A raisin is a dried grape. Raisins are produced in many regions of the world and may be eaten raw or used in cooking, baking, and brewing. In the United Kingdom, Ireland, New Zealand, and Australia, the word “raisin” is reserved for the dark-colored dried large grape with “sultana” being a golden-colored dried grape, and “currant” being a dried small Black Corinth seedless grape.
Raisin varieties depend on the type of grape used, and are made in a variety of sizes and colors including green, black, brown, blue, purple, and yellow. Seedless varieties include the sultana (the common American type is known as Thompson Seedless in the USA), the Greek currants (black corinthian raisins, Vitis vinifera L. var. Apyrena)and Flame grapes. Raisins are traditionally sun-dried, but may also be water-dipped and artificially dehydrated.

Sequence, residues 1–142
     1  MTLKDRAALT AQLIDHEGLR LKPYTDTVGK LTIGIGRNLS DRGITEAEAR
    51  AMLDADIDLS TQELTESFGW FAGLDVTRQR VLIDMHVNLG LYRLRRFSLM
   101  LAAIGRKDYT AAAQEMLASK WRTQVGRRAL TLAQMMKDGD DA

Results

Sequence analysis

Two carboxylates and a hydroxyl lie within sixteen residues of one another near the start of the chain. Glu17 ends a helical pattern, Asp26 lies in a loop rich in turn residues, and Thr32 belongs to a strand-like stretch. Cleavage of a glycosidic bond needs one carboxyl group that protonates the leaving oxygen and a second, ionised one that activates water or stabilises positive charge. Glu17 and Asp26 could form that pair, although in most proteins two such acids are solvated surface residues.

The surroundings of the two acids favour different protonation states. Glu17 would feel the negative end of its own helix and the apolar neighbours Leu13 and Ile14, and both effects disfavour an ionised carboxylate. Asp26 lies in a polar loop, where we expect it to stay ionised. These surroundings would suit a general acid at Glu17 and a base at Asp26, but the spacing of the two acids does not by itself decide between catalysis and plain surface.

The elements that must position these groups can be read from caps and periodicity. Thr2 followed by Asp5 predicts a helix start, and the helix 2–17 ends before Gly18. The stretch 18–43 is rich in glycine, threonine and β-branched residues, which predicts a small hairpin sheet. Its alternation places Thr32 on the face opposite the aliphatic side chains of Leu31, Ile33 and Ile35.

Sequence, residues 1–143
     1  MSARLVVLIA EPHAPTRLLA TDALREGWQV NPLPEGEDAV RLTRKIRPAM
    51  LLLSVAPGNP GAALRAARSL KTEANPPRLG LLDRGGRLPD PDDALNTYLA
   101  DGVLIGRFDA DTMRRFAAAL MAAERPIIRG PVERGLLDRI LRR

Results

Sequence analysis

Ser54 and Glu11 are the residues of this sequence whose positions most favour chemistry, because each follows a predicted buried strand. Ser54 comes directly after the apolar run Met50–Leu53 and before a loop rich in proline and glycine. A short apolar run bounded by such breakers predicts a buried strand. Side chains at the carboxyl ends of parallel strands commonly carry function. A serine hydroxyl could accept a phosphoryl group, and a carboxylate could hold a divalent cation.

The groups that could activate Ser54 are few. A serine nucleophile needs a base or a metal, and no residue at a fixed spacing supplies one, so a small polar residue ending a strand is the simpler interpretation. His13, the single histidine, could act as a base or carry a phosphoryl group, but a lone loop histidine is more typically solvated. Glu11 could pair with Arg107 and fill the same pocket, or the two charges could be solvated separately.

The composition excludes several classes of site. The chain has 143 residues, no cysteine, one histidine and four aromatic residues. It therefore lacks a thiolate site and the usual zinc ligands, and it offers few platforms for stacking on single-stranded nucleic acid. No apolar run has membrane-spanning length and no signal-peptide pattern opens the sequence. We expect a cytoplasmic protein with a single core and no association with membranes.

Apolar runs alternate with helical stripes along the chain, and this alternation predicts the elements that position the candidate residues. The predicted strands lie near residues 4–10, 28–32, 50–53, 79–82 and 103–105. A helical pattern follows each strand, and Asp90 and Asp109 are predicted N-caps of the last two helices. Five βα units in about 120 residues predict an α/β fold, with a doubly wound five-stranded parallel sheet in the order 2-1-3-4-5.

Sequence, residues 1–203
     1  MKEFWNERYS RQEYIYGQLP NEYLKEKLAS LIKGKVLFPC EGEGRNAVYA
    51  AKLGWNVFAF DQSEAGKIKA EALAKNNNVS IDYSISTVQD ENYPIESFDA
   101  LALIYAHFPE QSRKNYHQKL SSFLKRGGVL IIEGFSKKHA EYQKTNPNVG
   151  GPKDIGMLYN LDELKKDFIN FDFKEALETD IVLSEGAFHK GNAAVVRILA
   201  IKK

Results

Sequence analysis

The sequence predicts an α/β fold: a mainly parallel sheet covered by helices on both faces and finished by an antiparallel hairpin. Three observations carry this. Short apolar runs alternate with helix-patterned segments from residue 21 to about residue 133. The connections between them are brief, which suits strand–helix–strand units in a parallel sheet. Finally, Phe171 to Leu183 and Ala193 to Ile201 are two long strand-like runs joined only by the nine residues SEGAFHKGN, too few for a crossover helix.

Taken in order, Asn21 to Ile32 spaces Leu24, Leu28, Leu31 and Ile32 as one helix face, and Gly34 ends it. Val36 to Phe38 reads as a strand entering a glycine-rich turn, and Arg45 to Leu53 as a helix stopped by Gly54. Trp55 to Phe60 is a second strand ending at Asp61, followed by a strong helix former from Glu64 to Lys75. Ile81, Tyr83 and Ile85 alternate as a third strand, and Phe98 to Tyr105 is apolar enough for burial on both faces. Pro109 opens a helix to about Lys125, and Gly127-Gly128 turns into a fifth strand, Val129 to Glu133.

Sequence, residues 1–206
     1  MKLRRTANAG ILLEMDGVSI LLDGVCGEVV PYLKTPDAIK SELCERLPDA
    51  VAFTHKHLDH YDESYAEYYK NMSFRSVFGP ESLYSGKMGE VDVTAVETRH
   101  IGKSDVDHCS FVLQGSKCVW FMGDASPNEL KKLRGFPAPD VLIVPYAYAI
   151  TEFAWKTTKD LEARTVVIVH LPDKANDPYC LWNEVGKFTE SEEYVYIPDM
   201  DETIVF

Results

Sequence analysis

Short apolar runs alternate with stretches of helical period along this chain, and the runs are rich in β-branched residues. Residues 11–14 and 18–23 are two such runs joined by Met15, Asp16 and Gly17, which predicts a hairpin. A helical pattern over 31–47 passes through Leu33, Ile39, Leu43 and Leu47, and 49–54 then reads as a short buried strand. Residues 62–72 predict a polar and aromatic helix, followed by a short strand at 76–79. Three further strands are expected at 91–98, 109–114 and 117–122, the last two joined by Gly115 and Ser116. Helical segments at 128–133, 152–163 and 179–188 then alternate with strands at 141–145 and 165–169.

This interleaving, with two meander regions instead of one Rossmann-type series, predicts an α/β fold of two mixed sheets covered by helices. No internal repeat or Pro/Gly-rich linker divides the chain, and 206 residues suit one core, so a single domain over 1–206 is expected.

“Golden raisins” are treated with sulfur dioxide after drying to give them their golden color.
Black Corinth or Zante currant are miniature, sometimes seedless raisins that are much darker and have a tart, tangy flavor. They are often called currants. Muscat raisins are large compared to other varieties, and also sweeter.
Several varieties of raisins produced in Asia are available in the West only at ethnic grocers. Monukka grapes are used for some of these.